During the IMPC recovery process, there are two types of recovery operations: sub-ID level recovery and ID level recovery. In the sub-ID level recovery, recovery operation is performed on a partial ID, and it can be a partial ID in single row. For example, if a license plate number JCL1749, as shown in FIG. 15.3, has a two-row format, i.e., JCL in the top row and 1749 in the lower row, the system considers both JCL and 1749 as sub-IDs, since they are located in two rows and they can be handled independently in the recovery process.

On the other hand, in the ID-level recovery, the system performs recovery based on studying various constrains at the ID level. For example, the recovery is performed based on ID's logical composition and spatial layout rules, and symmetry constraints and check formula. Both of these recovery operations, however, depend on the ID knowledge database which includes ID logical composition, spatial layout rules, alpha prefix list, check formula, etc.

The above recovery process is sequentially performed for each PR-IDCG and ID Candidates will be generated for further analysis. After the recovery process, a list of ID Candidates is evaluated, and each ID is assigned an index which indicates how likely the given ID is complete. This index is based on whether a complete valid alpha prefix, a digit suffix are present, whether the ID fields' spatial layout conform to the ID layout rules, and whether the given ID conforms to the given check formula.

If none of the ID Candidates are valid, depending on the level of the completeness of the ID Candidates, several procedures can be taken to either improve this ID Candidate list, or start an ID reading process all over again. One possibility is to go back to block 100 of FIG. 1 for image enhancement or to ROI detection based on an alternative ROI routines. In the alternative, the ROI procedure can be skipped, and a whole image based character segmentation using the alternative segmenter, SEG2, can be invoked to do further reading refinement.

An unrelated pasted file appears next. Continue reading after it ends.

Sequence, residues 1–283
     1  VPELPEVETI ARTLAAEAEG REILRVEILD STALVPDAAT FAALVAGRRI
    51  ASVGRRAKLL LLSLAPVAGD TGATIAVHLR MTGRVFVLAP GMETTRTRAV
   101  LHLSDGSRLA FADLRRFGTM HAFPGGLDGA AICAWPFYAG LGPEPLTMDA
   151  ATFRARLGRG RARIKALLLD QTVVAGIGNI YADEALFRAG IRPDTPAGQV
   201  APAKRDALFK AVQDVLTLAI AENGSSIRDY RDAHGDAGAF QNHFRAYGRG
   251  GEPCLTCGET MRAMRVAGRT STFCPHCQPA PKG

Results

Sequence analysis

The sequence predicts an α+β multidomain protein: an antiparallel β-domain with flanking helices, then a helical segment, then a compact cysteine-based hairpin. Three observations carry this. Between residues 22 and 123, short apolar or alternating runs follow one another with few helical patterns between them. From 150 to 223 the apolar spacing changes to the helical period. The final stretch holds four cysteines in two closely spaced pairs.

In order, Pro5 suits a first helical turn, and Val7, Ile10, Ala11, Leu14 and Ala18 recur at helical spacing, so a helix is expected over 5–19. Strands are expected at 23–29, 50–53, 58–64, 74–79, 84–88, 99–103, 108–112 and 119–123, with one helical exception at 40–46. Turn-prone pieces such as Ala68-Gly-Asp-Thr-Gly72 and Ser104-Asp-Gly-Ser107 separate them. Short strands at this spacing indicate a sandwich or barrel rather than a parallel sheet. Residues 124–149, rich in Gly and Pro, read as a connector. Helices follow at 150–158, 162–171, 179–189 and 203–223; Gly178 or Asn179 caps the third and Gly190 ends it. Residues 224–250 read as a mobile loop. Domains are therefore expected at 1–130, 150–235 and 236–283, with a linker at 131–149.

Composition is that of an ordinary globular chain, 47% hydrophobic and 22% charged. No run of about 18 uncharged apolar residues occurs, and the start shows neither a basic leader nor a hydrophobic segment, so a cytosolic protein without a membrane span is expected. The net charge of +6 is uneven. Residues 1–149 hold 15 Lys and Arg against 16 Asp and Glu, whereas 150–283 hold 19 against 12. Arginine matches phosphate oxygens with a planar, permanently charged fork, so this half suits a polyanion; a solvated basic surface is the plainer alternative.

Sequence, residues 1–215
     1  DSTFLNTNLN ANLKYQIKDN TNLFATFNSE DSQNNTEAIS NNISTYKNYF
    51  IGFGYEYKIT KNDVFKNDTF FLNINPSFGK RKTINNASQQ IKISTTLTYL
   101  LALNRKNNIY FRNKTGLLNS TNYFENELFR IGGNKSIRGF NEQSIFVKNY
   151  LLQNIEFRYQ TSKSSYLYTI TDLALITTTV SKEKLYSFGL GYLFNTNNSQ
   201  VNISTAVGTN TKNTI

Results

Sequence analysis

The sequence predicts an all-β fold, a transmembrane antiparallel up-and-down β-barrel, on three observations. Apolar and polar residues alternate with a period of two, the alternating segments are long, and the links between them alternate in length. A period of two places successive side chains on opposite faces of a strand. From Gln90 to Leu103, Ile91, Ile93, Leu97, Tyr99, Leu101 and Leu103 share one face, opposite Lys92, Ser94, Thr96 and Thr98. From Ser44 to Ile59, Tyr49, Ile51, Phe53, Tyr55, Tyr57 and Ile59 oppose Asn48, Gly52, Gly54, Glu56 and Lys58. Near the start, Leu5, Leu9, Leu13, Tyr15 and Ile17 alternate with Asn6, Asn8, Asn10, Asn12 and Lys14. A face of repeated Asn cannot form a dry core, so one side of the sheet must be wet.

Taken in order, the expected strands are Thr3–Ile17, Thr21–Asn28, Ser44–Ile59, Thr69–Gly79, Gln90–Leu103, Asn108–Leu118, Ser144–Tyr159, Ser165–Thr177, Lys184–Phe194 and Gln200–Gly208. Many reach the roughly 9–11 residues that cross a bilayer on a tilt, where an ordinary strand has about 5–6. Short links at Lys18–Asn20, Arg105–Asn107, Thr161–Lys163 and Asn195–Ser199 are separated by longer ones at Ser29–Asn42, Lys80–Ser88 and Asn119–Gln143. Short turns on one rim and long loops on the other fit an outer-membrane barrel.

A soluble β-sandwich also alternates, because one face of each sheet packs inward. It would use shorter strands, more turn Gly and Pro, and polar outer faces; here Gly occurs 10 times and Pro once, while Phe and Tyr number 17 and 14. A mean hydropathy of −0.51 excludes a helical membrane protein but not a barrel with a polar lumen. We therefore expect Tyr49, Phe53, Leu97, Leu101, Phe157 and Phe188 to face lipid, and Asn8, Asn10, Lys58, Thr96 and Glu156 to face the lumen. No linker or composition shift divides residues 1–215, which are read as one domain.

If segmentation must be done over during the character recovery process, the alternative segmenter, SEG2, is used instead of the primary segmenter, SEG2. The two segmenters have different characteristics and respond better to certain situations. When it is discovered that the initial segmentation was not wholly successful, a slightly different approach is taken in the subsequent segmentation. By employing a set of complementary tools for character segmentation, as with image enhancement and character recognition, a robust ID reading can be achieved.

When the recovery process is completed and a most-likely ID Candidate is selected from the ID Candidate list (called ID output) further examination is performed to ensure the recognition accuracy. There are many criteria in performing the examination, such as activation values of recognition results of neural network recognizers, spatial layout regularities, etc. The main goal of these confidence measures is to reduce Ppass-wrong rate while maintaining a low Preject-wrong rate. A detailed list of the performance measures is shown below under section entitled System Performance Measure.

If the ID output can pass all of the above confidence measures, it will be outputted by the system as a reading result; otherwise, based on the examination of the ID, the ID may undergo more refinement such as recognition result refinement, or character bounding box reediting to see if the revised results can pass the confidence measure.